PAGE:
Deadly Rift Valley fever: New insight, and hope for the future

Health control measures alone could be ineffective in the long term fight against the deadly Rift Valley fever which affects both humans and animals, a new study in the journal PNAS reports.

During this innovative study researchers from a consortium including the University of Surrey, University of Cambridge and the International Livestock Research Institute investigated the impact of environmental factors on Rift Valley fever, a viral disease endemic to Africa that is found on animals and spread via biting mosquitoes. The threat of Rift Valley fever is on the rise and has recently been added to the World Health Organisation priority list.

Unlike previous studies in this area, researchers examined the effect of seasonality and questioned how seasonally changing pools of water and air temperature impact on the spread of the fever. The spread of the disease increases if there is large number of infected mosquitoes, which is largely controlled by water levels and temperature.

Using air temperature recordings from weather stations and satellite images, researchers were able to monitor the growth, location and lifespan of mosquito populations in Kenya. Researchers identified average levels of water areas and air temperature that can lead to the permanent removal of mosquito populations and Rift Valley fever.

For example it was discovered that, in a region of approximately 250 acres, the Culex mosquito population will always fade out when the surface area of water is under 1000m2 or if the temperature falls below 14 degrees Celsius. By comparison, if the annual surface of the water is 2000m2, then Culex mosquito’s will disappear if the mean temperature is below 18 degrees or above 31 degrees.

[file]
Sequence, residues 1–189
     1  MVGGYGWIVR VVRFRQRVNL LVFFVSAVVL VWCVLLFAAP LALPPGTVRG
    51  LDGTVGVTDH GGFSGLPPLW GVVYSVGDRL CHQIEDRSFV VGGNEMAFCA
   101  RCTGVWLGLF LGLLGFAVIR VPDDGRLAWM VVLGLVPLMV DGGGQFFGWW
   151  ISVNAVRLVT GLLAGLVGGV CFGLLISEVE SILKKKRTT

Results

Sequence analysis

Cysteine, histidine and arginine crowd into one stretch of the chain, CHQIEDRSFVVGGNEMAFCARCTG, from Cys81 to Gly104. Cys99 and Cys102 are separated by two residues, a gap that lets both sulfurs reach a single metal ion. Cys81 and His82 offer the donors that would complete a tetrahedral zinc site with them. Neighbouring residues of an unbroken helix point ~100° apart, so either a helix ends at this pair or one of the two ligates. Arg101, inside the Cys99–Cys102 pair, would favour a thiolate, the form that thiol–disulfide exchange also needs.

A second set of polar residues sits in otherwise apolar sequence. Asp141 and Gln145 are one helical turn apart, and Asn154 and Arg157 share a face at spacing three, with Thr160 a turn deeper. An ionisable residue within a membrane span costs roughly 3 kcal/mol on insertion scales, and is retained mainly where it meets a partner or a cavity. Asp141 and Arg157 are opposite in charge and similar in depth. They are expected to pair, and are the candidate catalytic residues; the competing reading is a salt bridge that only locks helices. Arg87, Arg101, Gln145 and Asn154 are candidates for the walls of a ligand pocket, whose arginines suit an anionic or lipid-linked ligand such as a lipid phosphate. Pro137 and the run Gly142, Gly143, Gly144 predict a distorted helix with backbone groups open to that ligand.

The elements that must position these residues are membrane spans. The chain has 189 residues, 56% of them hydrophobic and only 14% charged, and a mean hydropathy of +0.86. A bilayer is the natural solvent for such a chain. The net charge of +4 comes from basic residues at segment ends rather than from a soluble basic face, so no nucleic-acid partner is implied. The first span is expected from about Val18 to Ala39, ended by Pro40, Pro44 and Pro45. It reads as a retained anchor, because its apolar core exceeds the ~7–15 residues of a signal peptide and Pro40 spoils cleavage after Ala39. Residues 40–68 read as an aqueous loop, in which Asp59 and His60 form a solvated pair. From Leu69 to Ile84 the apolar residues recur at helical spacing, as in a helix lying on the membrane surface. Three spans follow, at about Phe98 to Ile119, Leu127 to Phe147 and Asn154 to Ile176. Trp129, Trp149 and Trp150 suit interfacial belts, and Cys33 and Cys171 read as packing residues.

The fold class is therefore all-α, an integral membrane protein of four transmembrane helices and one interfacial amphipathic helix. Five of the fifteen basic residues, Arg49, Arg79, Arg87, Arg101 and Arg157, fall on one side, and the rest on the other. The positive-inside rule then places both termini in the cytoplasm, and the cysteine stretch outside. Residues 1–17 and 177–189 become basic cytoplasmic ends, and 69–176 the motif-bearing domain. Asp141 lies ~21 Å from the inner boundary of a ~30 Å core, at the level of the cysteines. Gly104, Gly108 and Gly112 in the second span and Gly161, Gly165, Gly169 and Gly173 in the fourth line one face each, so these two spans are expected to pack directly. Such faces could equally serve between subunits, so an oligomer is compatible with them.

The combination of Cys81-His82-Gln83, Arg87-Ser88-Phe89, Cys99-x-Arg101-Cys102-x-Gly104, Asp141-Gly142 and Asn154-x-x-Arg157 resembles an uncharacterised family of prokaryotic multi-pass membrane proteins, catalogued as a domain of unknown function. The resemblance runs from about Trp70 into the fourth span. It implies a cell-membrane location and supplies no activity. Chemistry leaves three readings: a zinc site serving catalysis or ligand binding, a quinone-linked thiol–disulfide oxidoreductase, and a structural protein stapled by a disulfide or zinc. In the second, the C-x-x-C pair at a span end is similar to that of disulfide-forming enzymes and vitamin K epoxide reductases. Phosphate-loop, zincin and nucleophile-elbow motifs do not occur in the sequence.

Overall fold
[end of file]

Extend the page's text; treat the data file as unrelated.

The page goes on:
Understanding more about mosquito’s and how their ecology is controlled by water areas and temperature is crucial to estimating the abundance of the mosquitoes and assessing how the disease spreads. This knowledge can help inform policy makers on the risk of disease in a particular area when deciding to build a new dam or changing their irrigation patterns.

Dr Gianni Lo Iacono, Lecturer in Biostatistics and Epidemiology at the School of Veterinary Science at the University of Surrey, said: “With increasing temperatures due to climate change, the patterns of vector borne diseases such as Rift Valley Fever will change and potentially become more of a threat to the general population.

“Temporary methods such as using insecticides are useful to remove the short term threats such diseases pose; however, the danger still remains as the mosquito populations will re cultivate and once again spread the disease.

“Learning more about the populations, and implementing methods such as carefully designing the patterns of irrigation, could help to reduce mosquitoes and Rift Valley fever infection.”

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